In Muhammed v Leprosy Mission International, BWB's Lucy McLynn acted for Leprosy Mission Internation in a groundbreaking case which had wide-ranging implications for hiring practices in some religious-ethos organisations.
2017 represented a sea change in the Employment Tribunal system and 2018 looks set to be another busy year for HR and employment law practitioners.
Paul Jennings, partner in BWB’s Employment team, has been featured prominently in the Law Society Gazette’s (LSG) coverage of the magazine’s latest roundtable.
Last year, the London Central Employment Tribunal held that the Claimants, London-based Uber drivers, were “workers” and that accordingly they should be entitled to basic protections such as national minimum wage and holiday pay. Uber’s appeal against this decision was heard at the end of September 2017. Today, Her Honour Judge Eady QC, who heard the appeal, handed down her Judgment upholding the Employment Tribunal’s judgment and dismissing Uber’s appeal.
It is a well-known tenet of employment law, that an employer must carry out a reasonable investigation before dismissing an employee for misconduct, in order for that dismissal to be fair.
The legal battle between Uber and drivers Yaseen Aslam and James Farrer regarding “employed worker status” has reached the Employment Appeals Tribunal (EAT).
Paul Jennings has been quoted in two pieces written by The Guardian (accessible here and here), City AM, The Huffington Post, Evening Standard and The Independent concerning the upcoming landmark appeal case that his team is fighting against Uber.
Bates Wells Braithwaite, the B Corporation and national law firm, has been appointed by the lead claimants in a landmark employment rights case against gig employer Uber.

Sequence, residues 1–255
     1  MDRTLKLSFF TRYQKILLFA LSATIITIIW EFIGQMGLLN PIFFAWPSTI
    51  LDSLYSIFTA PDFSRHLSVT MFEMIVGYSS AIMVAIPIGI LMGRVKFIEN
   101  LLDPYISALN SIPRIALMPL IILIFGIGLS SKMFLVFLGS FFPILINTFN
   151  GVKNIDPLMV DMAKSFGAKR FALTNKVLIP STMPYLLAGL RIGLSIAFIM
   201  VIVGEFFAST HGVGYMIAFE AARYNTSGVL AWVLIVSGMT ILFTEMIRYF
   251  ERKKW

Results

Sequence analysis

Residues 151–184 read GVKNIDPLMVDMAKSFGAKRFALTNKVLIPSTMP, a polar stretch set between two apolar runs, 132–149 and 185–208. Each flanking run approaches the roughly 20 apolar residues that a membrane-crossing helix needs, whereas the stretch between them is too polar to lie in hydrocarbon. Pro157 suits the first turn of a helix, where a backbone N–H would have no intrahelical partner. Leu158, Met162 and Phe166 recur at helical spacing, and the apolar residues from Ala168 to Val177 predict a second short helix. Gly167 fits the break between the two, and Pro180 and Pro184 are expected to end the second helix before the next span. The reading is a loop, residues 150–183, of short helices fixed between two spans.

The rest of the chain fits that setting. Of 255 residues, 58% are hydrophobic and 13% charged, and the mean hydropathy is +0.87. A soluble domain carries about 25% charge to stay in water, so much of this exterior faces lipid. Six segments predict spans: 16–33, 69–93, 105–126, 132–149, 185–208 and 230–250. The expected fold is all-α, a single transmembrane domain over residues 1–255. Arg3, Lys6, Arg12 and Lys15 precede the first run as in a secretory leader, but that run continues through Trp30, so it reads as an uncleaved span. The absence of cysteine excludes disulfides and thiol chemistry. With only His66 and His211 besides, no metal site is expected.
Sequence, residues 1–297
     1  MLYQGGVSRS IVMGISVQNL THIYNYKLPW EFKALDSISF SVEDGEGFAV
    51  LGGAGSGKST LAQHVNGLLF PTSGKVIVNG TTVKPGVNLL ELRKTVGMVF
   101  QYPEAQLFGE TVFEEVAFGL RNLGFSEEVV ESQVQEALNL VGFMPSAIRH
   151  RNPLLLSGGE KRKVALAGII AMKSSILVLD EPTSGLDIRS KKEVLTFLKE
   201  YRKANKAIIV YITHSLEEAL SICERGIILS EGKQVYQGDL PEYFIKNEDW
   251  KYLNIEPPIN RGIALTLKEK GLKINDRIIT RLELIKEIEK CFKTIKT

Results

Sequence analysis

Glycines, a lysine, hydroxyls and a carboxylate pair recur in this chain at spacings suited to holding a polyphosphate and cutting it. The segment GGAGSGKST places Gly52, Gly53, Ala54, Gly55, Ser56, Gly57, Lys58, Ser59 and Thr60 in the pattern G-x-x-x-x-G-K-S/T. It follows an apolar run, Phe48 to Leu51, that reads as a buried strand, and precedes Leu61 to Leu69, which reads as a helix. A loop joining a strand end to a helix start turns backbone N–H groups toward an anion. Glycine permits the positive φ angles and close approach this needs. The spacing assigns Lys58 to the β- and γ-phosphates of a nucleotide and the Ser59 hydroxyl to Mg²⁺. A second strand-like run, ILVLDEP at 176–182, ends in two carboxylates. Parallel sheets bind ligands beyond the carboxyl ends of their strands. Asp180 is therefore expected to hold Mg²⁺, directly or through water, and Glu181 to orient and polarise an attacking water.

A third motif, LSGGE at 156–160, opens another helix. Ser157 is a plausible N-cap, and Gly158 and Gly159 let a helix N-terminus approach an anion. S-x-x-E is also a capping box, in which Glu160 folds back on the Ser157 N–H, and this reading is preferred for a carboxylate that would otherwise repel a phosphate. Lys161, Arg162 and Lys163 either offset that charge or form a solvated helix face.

UK Visas & Immigration (“UKVI”) has published its quarterly report showing the number of civil penalties for illegal workers found in each region of the UK between 1 January and 31 March 2017 (“the specified period”).
Monitoring employees’ communications in the workplace – has the balance shifted in favour of employee privacy? >
In the long-running case of Bărbulescu v Romania, the Grand Chamber of the European Court of Human Rights (“ECtHR”) has overturned the ECtHR’s earlier ruling in relation to an employee’s right to privacy.
The UK’s “hostile environment” towards illegal migrants has just become more hostile, with a key provision of the Immigration Act 2016 in relation to driving licences coming into force on 31 July 2017 in West Yorkshire and Kent.
With less than a year to go until the General Data Protection Regulation (GDPR) comes into force, it is important that HR professionals in organisations start making preparations now to ensure that they are in a position to comply with the new obligations from 25 May 2018.
The recent Court of Appeal ruling in P v. Secretary of State is expected to compel the Government to rethink the DBS scheme and, in particular, whether it appropriately balances the aim of protecting the public with an individual's right to a private life.
Those making applications for entry clearance under certain Standard Occupational Classification (SOC) codes for skilled work sponsored (Tier 2) visas for the UK will now be required to provide overseas criminal record certificates.